Friday, 30 September 2011

How to avoid writer's block

Apparently, the way to cure writer's block is to think of it as talker's block:
No one ever gets talker's block. No one wakes up in the morning, discovers he has nothing to say and sits quietly, for days or weeks, until the muse hits, until the moment is right, until all the craziness in his life has died down.
I understand where this is going, but if you think there's no such thing as talker's block, you've never seen one of my students give a presentation.

Thursday, 29 September 2011

Review: Feet of Clay

Feet of Clay by Terry Pratchett (1996)

Commander Sir Sam Vimes has a problem.  His wife Sybil insists that he go to the Ankh-Morpork Royal College of Heralds and get himself a coat of arms drawn up.  Oh, and two people have been found murdered with the only clue a small lump of white clay found at the scene of each crime and someone is trying to poison Lord Vetenari.  The Assassins Guild denies any involvement, so there is a freelance killer loose in the city.

It's a toss up which he thinks is worse.

I have a particular fondness for the Commander Vimes stories.  Because they tend to be mysteries, almost whodunnits and thrillers in some cases, they are much more tightly plotted than Pratchett's other Discworld novels and I've always found Commander Vimes a real treat of a character.  As the dedicated beat cop promoted to suit his abilities, but way above his preferences,  He's a marvellous combination of weariness, frustration, anger, stubbornness, anger, suspicion, anger, resourcefulness, anger and anger.  He's also a wonderfully stable centre for the Watch, a police force that includes trolls, dwarves of both (albeit indistinguishable sexes), werewolves, humans and Corporal Nobby Nobbs, who has a letter that states that, appearances to the contrary, he's human, too.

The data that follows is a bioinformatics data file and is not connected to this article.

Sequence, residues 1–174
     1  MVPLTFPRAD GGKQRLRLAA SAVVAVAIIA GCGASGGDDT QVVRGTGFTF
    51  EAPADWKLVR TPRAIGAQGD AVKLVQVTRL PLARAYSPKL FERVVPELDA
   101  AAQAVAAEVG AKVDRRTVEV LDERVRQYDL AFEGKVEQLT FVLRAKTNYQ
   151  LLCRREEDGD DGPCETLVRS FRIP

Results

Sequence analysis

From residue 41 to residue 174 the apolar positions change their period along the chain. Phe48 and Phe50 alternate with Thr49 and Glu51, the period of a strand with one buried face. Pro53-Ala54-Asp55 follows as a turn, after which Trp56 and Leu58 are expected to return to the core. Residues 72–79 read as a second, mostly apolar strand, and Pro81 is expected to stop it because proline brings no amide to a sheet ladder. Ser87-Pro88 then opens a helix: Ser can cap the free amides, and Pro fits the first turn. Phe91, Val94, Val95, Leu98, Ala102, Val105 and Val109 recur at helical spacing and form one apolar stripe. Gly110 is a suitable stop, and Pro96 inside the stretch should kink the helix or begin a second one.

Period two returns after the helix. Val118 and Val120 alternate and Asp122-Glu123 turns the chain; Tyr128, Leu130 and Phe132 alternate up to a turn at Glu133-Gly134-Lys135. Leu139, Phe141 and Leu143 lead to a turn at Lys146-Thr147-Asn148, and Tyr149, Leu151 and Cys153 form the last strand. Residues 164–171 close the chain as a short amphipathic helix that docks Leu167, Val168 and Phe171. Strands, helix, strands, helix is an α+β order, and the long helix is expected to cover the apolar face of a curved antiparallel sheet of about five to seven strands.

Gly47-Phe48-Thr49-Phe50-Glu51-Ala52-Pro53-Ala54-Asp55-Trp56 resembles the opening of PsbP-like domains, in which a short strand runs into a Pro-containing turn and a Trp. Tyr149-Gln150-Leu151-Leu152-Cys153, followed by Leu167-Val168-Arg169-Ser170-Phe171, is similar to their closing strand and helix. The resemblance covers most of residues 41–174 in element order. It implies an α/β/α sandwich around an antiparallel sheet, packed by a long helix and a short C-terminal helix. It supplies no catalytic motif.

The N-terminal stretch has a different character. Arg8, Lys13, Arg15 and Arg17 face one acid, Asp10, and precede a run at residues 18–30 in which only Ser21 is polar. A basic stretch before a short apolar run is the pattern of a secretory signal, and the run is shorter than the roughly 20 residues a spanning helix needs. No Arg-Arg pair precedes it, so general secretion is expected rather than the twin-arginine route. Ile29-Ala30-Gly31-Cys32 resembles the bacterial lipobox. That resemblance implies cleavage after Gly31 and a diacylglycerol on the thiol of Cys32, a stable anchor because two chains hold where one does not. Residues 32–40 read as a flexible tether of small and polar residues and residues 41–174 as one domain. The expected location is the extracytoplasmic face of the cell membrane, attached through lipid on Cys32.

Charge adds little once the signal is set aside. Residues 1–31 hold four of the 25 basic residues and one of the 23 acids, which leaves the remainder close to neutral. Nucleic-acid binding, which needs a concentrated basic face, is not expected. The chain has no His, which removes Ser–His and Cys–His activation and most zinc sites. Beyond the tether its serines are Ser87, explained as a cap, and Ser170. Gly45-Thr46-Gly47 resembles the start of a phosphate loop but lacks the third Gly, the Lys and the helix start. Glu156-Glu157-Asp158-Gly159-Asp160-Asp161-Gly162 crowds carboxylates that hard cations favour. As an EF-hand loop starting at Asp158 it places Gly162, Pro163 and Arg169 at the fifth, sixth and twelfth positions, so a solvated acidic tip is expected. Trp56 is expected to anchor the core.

Feet of Clay twists with all manner of subplots that eventually tie up nicely and the climax highlighted by Pratchetts comic imagination and talent for a neat turn of phrase.  Only Pratchett could come up with a rat catcher who meets his quarry face to face (well, forehead to forehead) and can make proper characters out of walking lumps of clay.

The only sad part about Feet of Clay is that it shows how the world has changed since he wrote it back in 1996.  Then, his satirical city of Ankh Morpork was a wonderfully twisted version of a modern Britain trying to  cope with immigrants.  There may have been dwarfs, vampires, zombies, gnomes and golems moving into the city, but they were all hard working and, aside from the odd riot, wanting to get on with their lives.  Unfortunately, in a modern Britain where immigration has become colonisation and includes a sizeable faction of fanatics who despise their host country and actively work to overthrow it, that happy image seems as hard to see in our world as one that rests on the back of a giant turtle.

Monday, 26 September 2011

Blog to sell

More stages here.
If your book gets published, you must help sell it.  If you've self-published your book, you really need to sell it.  One way of doing this is through a blog.